Maratheftiko is an ancient grape variety indigenous to Cyprus. It is also known locally as Vambakadha (Βαμβακάδα), Vambakina (Βαμβακίνα), Pampakia (Παμπακιά), Mavrospourtiko (Μαυροσπούρτικο), Aloupostaphylo (Αλουποστάφυλο).[1] It is grown in sparse quantities around the island but mostly in the Pitsilia region. In the 1980s, with the revival of small boutique wineries in Cyprus this variety was rediscovered and its cultivation is slowly on the increase again, as it offers a distinctive character to local wines. Keo, the largest winery on the island has been one of the companies to encourage its growth.[2] Maratheftiko does not have hermaphrodite flowers like many cultivated grape varieties and requires co-planting with other varieties in order to achieve fertilisation and fruit development. As a result of poor fertilisation, bunches are often greatly affected by Millerandage.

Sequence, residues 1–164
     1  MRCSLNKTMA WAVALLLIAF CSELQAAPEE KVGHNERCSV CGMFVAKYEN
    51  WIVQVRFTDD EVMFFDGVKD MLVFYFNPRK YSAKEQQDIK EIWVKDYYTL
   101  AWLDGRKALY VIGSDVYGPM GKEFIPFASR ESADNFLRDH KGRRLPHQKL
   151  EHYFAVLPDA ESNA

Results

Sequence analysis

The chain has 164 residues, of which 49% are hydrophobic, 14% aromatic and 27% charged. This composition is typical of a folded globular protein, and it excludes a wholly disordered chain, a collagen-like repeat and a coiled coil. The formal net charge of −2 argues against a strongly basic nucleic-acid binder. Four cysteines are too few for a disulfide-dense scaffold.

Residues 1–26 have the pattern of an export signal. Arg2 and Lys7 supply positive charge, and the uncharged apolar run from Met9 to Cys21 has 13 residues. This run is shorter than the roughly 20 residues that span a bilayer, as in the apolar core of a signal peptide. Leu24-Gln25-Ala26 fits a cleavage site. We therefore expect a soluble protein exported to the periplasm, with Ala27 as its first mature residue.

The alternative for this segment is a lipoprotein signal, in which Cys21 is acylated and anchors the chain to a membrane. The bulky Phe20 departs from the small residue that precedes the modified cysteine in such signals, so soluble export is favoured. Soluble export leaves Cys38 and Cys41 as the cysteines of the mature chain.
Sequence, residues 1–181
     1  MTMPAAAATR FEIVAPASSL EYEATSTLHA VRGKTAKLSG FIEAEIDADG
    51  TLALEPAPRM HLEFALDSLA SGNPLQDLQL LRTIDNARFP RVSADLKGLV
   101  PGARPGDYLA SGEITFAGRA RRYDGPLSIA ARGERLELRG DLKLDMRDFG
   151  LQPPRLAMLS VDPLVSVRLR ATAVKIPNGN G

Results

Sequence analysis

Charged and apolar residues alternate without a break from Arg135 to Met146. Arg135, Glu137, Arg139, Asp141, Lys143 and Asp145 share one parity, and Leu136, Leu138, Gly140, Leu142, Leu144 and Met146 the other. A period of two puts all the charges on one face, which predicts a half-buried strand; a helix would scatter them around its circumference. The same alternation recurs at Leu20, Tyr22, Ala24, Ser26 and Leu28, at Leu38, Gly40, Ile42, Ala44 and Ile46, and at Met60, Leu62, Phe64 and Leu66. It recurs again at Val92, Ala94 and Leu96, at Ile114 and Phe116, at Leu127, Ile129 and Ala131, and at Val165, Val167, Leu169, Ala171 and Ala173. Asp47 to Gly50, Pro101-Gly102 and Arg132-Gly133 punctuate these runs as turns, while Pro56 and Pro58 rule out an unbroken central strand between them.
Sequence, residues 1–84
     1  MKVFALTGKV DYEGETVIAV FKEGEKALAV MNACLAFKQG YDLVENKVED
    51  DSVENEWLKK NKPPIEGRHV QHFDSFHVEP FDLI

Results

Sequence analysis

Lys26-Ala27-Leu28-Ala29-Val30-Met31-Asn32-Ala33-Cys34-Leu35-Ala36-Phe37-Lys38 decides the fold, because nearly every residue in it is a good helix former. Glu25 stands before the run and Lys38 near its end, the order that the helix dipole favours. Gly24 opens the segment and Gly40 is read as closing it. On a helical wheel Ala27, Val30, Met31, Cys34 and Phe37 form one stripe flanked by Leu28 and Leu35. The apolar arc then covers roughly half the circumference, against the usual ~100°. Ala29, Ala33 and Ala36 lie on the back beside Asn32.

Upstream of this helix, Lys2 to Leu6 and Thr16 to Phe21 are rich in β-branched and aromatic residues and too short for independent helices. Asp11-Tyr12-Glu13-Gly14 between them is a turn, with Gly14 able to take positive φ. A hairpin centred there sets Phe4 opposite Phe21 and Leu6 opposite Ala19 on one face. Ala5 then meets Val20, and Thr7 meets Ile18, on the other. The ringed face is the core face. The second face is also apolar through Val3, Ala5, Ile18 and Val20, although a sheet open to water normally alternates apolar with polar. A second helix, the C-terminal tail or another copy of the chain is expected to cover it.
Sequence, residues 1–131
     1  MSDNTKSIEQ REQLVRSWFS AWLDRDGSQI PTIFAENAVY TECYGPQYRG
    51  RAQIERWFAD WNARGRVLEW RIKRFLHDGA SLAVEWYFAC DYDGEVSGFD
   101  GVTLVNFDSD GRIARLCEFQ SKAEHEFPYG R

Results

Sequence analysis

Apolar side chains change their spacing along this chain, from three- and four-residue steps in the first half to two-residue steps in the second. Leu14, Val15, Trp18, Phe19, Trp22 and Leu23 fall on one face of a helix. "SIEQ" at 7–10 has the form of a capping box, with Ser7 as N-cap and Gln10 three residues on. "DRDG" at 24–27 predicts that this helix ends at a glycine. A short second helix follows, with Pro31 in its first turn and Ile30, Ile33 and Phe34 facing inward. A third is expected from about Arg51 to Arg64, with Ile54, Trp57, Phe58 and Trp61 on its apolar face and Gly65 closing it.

2004 statistics reveal that Maratheftiko cultivation covers 125 hectares which represents less than 1% of cultivated vineyards on the island.[3]


  1. ^ Alternative names for cultivated grapes (limited to European Union member states only) [1]
  2. ^ Levin, David (November 1, 2000). "The Wines of Aphrodite's Isle". Wine Business Monthly. Wine Communications Group. Retrieved 2007-03-23. 
  3. ^ Monitoring of Agricultural policy market and trade developments in Cyprus, December 2005. Agripolicy.net [2] Archived 2007-05-10 at the Wayback Machine.